Warner Bros. Discovery Takes Major Tax Write-Down Amid Recent Content Cancellations

Warner Bros. Discovery has taken a $825 million tax write-down on its cancelled and scrapped content, according to a recent regulatory filing. The newly-minted company disclosed the information in documents on Friday (via The Hollywood Reporter), revealing that the number comes from content that was cancelled or axed completely in Q2 of this year. That figure reportedly includes a $496 million impairment on content, representing content that had already been produced or was in production before being axed. It also includes $329 million in content development write-offs, representing programming that did not make it past the development stage. The content is question hails from Warner Bros. Discovery's various film and television studios, linear networks, and streaming services like HBO Max and Discovery+.

"Content impairments and development write-offs resulted from a global strategic review of content following the Merger," Warner Bros. Discovery wrote in the filing.

This number reportedly does not include the recent cancellations of Batgirl and Scoob!: Holiday Haunt, which were first made public earlier this week. Both films, which were already completed and were set to debut on HBO Max, were later reported to be canned for the sake of tax write-downs, which will seemingly be recorded next quarter. In the days since, Warner Bros. Discovery has also removed six HBO Max-exclusive movies from their streaming platform, and cancelled the already-completed third season of Little Ellen.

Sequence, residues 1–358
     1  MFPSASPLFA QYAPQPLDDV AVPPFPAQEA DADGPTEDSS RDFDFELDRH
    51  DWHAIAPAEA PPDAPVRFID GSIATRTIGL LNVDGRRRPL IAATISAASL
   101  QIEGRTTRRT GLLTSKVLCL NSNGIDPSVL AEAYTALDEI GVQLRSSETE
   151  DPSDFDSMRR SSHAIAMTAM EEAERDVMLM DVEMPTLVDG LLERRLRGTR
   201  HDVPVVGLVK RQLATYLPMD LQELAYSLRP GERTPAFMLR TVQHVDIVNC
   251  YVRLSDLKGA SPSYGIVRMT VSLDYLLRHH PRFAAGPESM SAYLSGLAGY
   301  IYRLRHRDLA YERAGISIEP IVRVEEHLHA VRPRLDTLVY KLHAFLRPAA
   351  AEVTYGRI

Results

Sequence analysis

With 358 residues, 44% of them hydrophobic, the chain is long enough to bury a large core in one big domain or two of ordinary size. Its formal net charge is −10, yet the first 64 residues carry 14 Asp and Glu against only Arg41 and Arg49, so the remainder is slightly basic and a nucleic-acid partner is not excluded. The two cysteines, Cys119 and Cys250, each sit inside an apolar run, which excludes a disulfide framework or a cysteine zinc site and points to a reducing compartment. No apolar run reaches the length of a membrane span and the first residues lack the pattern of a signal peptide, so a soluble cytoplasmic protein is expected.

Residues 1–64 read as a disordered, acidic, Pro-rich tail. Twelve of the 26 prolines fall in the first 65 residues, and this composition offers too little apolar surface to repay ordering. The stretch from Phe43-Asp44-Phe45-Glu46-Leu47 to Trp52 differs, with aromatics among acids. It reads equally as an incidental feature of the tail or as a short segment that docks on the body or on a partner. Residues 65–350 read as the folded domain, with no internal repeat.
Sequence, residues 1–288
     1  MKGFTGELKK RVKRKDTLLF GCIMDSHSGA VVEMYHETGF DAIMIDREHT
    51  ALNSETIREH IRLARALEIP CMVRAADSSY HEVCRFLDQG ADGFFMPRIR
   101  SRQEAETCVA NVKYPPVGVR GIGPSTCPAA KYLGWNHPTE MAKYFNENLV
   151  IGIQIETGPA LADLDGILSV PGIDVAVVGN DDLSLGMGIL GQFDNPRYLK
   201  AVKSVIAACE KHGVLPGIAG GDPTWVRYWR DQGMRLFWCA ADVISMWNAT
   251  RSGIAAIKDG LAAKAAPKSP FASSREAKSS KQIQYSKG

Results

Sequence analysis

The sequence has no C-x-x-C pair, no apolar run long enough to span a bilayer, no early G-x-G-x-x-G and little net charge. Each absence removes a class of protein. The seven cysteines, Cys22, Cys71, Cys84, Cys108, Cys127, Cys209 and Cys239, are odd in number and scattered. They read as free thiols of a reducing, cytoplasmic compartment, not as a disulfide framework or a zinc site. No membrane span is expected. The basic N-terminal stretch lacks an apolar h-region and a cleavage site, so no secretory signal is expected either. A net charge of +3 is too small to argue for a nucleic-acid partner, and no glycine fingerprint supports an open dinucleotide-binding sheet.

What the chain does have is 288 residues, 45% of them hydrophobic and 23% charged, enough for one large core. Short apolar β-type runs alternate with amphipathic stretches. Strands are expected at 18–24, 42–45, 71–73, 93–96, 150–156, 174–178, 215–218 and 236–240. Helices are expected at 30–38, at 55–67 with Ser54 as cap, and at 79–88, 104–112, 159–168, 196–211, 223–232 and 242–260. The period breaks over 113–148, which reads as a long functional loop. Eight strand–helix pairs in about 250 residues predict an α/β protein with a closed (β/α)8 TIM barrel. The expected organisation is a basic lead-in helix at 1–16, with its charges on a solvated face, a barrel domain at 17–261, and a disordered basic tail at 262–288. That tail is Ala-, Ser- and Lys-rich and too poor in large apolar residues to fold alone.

According to reports, this Q2 number might encompass the cancelling of DC's HBO Max-exclusive Wonder Twins movie, which was suddenly shut down in May of this year after spending months in pre-production. The film would have starred KJ Apa and Isabel May as the titular superhero twins. The Q2 number might also include a number of programming cancellations at TNT and TBS, both of which are suspending development of new scripted programming following the merger. It also could include CNN+, a streaming service that was shut down just weeks after it launched.

This all comes as Warner Bros. Discovery CEO David Zaslav reportedly aims to cut $3 billion from the company's budget over the next few years. The company has already announced plans to merge HBO Max and Discovery+ into a single streaming service, which will hypothetically occur as early as the summer of 2023.

"Owning the content that really resonates with people is much more important than just having lots of content," Zaslav said on Warner Bros. Discovery's quarterly earnings call earlier this week.

What do you think of this new report surrounding Warner Bros. Discovery's tax write-downs? Share your thoughts with us in the comments below!